When the #BostikBlogger theme for the month is space, and you have a very exacting little boy who is passionate about all things space-related, you know you have to go all out. This month I have been making a model of the solar system, complete with shining sun, and it has been a labour of love. Ever since he was small, Biggest has been fascinated by the planets. He knows all about each one and can tell you about the moons of Jupiter. He can tell you that Saturn’s rings are made of dust, rock and ice. I knew a model solar system would capture his imagination and, as Biggest loves sensory lighting, I sought to add a special touch by making our sun glow.
Light-up Model Solar System
- Large cardboard box – ideally long and thin
- Yellow, orange and red tissue paper
- Various sized polystyrene balls
- Paints and brushes
- Nylon thread
- Plastic gems
- Black card
- Yellow card
- Red card
- PVA glue
- Hot glue and glue gun
- Remote controlled LED Light (6.99 on Amazon)*
- Tinfoil/Craft foil
- Craft knife
- 2 old CDs/DVDs
- A balloon/ball for papier mache mould
The first step is to prepare the papier-mâché sun, as that will take 48 hours or more to set. Using a solution of half PVA glue and half water, I built up the tissue paper and glue layers until I had covered over half of the sphere shape. I did my sun in two sessions, adding 3-4 layers of tissue and then leaving to set. I then added another 3-4 layers and left to dry again. A mixture of mostly yellow tissue, with a few strips of orange or red, created an effective look.
While the papier-mâché was drying, I prepared a large cardboard box by removing one side or any excess cardboard and painting black and gluing on black card. I painted the exposed edges and then used card for the main background.
Once the cardboard box was dry, I used the hot glue to secure the LED lamp to one end. Once the sun had set, I burst the ball (you could used a balloon) and trimmed the edges of the sun in order to create half of a hollow sphere.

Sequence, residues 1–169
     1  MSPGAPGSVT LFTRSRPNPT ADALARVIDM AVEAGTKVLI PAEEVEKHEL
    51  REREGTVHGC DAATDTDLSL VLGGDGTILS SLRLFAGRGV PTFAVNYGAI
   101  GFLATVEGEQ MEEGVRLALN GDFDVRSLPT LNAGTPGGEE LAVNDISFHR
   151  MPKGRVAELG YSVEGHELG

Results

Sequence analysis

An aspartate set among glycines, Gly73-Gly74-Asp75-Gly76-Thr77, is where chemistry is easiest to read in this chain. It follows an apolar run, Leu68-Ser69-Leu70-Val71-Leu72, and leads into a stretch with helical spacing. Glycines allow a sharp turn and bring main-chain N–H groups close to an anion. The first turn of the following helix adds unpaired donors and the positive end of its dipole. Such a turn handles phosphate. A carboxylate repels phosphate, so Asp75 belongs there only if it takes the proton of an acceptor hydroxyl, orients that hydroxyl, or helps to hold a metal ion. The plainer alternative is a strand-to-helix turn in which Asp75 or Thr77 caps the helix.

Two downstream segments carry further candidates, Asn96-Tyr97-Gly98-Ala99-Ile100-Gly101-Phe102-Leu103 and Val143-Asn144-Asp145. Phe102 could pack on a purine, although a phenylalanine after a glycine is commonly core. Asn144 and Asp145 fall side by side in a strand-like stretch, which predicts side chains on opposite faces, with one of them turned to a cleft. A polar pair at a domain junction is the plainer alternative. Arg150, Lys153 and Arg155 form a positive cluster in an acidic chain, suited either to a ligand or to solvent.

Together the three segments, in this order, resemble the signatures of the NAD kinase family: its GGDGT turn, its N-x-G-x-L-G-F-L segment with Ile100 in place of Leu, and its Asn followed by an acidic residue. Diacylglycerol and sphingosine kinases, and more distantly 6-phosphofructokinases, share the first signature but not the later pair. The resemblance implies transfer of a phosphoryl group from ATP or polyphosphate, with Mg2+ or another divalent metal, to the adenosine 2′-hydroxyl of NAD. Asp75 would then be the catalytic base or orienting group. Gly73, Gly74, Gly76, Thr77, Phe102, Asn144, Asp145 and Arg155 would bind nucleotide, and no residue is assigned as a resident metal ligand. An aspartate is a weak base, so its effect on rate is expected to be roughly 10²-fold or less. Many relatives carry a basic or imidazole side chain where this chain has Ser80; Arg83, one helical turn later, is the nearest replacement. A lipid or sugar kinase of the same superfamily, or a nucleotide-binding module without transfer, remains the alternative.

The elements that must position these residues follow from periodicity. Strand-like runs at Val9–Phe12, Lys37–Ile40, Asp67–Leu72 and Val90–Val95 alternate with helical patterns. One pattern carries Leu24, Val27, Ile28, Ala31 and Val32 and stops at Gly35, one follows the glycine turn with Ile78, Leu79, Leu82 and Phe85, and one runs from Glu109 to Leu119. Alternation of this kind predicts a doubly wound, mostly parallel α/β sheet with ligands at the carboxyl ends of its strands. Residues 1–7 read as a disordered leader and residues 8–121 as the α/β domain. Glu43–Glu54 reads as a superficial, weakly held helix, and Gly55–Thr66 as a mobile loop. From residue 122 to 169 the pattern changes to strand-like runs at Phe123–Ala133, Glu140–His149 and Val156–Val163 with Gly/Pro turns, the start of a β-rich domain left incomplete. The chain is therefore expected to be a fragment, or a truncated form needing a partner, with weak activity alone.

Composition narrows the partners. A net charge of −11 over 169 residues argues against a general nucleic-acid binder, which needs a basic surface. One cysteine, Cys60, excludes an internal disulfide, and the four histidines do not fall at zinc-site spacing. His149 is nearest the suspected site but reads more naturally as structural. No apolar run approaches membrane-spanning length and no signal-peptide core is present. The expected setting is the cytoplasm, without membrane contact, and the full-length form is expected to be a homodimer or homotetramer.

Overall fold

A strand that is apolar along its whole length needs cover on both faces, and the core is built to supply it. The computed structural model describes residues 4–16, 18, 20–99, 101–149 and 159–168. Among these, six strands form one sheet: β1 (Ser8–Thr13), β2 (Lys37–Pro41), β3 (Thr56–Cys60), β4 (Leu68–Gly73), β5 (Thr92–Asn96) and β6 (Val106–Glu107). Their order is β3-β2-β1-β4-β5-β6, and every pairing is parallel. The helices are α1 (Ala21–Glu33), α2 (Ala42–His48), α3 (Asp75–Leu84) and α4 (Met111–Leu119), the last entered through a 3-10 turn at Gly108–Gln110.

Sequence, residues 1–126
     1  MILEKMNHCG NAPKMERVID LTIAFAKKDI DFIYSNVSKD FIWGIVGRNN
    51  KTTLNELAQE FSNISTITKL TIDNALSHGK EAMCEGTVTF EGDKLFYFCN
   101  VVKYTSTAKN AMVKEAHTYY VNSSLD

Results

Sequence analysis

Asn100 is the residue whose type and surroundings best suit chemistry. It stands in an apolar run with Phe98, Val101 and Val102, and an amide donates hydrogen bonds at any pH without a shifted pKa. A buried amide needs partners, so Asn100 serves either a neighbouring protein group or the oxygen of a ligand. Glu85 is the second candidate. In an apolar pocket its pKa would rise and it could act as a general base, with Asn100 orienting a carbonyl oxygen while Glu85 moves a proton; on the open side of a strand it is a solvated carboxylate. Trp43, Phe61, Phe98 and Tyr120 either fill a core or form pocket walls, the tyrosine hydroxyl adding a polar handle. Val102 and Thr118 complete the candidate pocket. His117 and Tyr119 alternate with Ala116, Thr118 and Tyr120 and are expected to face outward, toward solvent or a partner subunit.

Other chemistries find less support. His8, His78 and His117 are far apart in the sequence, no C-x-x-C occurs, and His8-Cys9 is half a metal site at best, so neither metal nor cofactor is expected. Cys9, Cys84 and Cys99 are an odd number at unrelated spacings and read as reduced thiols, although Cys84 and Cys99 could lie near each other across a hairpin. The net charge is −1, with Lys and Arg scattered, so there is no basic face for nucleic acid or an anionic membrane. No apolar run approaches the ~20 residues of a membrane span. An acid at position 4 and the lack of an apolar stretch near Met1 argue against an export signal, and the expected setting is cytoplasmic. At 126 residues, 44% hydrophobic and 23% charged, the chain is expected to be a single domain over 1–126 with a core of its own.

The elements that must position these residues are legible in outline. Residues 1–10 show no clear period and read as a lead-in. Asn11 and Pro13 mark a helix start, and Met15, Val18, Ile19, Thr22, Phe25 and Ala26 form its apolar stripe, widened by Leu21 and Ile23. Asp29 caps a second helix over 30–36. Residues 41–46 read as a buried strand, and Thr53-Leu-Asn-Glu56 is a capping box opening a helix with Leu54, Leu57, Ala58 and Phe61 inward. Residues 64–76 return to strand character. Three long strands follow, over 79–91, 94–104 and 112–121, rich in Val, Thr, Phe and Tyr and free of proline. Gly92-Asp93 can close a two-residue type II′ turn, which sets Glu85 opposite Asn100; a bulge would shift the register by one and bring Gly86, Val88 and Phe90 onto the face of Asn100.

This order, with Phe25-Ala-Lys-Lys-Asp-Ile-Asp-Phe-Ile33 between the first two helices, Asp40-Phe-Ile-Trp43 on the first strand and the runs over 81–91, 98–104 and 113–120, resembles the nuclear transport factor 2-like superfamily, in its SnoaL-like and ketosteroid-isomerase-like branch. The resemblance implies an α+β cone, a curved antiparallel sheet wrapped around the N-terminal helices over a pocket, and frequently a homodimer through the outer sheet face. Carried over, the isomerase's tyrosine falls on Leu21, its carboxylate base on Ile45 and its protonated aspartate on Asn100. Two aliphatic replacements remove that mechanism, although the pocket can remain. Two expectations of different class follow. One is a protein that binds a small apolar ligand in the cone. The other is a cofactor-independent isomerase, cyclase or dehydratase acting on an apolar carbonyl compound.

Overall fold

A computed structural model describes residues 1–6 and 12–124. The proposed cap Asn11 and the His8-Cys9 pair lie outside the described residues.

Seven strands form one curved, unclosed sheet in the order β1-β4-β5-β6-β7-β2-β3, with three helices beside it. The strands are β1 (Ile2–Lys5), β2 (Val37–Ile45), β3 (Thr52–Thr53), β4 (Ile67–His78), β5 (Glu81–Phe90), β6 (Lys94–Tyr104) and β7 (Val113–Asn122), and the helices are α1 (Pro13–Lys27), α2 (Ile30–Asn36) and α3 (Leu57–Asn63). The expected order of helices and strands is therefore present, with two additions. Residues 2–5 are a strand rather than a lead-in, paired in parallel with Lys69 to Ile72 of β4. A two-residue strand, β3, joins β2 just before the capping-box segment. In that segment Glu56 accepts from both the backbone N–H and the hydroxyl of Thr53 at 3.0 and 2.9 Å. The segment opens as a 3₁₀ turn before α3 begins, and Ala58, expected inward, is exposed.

Then, I secured the sun over the lamp. I used flame shaped cardboard tabs, as above. This meant I could fix the sun so that it can still be lifted up to gain access to the LED lamp.
Next, I decorated the inside of the black box to resemble space. I used small clear gems and stuck them all over to create the appearance of stars.
Model Solar System -The Planets
I used air dry clay to make Mercury but I found it to be quite heavy when dry. Mars was too heavy for the glue and nylon string (the string kept snapping) and so I had to re-evaluate using air dry clay for the larger planets. For Mercury, the smallest planet, I simply formed a small ball of air-dry clay and painted it when it had dried.
I used a small polystyrene ball and painted it grey and white. I then used craft foil to imitate Venus’s dense and reflective atmosphere.
I used the same size polystyrene ball as Venus and painted it to look like Earth.
As the clay was too heavy to make Mars (it kept breaking), I used a tinfoil ball, red tissue paper and PVA glue to create Mars.
I used a larger size ball and painted in shades of orange, yellow and red. Don’t forget the big red spot!
Saturn was slightly more complicated. I used a large polystyrene ball and cut it in half. Next, I glued two old CDs together so that the reflective part showed on each side. Each side of the polystyrene ball was then glued to either side, creating the shape of the planet. Finally, I painted and left to dry, just like the other planets.
Uranus’s ring is much smaller than Saturn’s and so I used a pipe-cleaner and attached it to each side of the planet with two small sections of clear drinking straw. Biggest helped out with the painting of the larger planets.
Again, I used a larger ball and simply painted it in Neptune’s colours.
You may have spotted the cheeky Death Star – all together now, “That’s no moon!” I made it in the same way as the painted planets and simply glued to the corner of the box, rather than hanging it from nylon thread.
Once the planets were complete and fully dried, I attached them to lengths of nylon thread using the hot glue gun. Then, I punched holes in the top of the box and taped the thread in order to hang each planet from the top of the box. I measured out the spaces for each hole carefully beforehand, to ensure all the planets had room and were spaced correctly. Saturn was much heavier than the other planets and so I glued and taped the thread in place.
Finally, I covered the outside of the cardboard box in red card, and our model solar system was complete.
I am thrilled with the results – not least of all because Biggest is absolutely mesmerised by his model solar system. It has made a great talking point for learning about space, both with Biggest and his sister. It also looks great in his room and it great fun to switch on in darkness.
Please note, as a #BostikBlogger, Bostik kindly send us craft items each month in order to created themed crafts
*Link to LED light is an affiliate link.
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